Wearable Sensors Gather Data — Now To Make It Useful

It's not just about how many steps you've taken or how many calories you've burned in a day. Wearable fitness trackers and health monitors are becoming more commonplace and diverse, but just what do you do with all of that data?

"We have a lot of people buy wearables and then stop using them," said Paul Landau, president of Fitbug, a British maker of fitness trackers. Landau attended the International CES gadget show in Las Vegas last week, promoting a series of 12-week fitness coaching programs that offer detailed and custom recommendations for getting in shape. "If you want to help people," said Landau, "they've got to have more than just self-tracking."

Health monitors aren't just for fitness buffs. Startups and big tech companies at the gadget show promoted all kinds of uses for the data generated by wearable sensors -- from mindfulness exercises to figuring out the best time to get pregnant. Other companies aim to offer value by aggregating data from different sources, so it can be viewed and interpreted together. That could be useful, but it also raises a host of privacy concerns.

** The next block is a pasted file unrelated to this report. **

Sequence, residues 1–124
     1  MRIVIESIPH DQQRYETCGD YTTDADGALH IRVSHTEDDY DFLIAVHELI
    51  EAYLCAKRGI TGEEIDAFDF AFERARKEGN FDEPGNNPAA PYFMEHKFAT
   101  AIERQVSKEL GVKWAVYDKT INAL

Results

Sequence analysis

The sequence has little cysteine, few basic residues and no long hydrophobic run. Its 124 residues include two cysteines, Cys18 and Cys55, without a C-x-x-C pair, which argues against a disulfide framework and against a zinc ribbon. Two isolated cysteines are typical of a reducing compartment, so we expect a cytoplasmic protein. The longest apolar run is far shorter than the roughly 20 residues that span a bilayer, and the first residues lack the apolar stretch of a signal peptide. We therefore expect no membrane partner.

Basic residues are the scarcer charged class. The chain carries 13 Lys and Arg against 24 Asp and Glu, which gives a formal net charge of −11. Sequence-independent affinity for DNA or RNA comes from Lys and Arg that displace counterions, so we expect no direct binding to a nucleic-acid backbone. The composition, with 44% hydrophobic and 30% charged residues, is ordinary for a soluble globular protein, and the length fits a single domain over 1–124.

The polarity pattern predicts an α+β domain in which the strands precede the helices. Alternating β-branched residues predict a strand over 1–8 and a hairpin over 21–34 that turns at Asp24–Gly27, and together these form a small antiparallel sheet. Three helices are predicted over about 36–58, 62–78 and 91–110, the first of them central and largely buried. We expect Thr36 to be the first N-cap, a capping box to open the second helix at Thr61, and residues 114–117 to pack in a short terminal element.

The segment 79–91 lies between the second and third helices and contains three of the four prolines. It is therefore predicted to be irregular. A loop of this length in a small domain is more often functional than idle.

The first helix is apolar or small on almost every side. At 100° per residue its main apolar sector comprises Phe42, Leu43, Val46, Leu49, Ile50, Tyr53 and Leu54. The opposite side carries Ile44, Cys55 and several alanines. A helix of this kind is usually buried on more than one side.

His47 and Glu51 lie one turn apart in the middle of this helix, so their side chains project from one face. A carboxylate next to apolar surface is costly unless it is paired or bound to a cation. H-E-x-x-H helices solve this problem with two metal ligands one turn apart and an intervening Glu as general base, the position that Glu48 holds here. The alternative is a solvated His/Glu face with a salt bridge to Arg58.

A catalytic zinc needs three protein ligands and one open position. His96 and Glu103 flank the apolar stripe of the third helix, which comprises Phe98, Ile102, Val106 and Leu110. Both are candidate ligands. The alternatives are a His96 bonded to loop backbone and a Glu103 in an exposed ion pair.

Turning Data Into an Experience

"A lot of wearables today are just throwing numbers at people. We're looking to synthesize that data and turn it into an experience," says Jason Fass of Zepp Labs, a Silicon Valley startup that makes a tiny, wearable motion sensor for tennis, baseball and golf enthusiasts.

Zepp has been selling sensors for a year, Fass said in an interview at CES, but he's hoping weekend athletes will see more value in Zepp's new smartphone app. It shows users an animated analysis of their swing, and lets them compare their moves with videos of pro athletes.

The trend goes beyond sports. A Canadian startup called InteraXon displayed a headset that can measure brain activity, by tracking...

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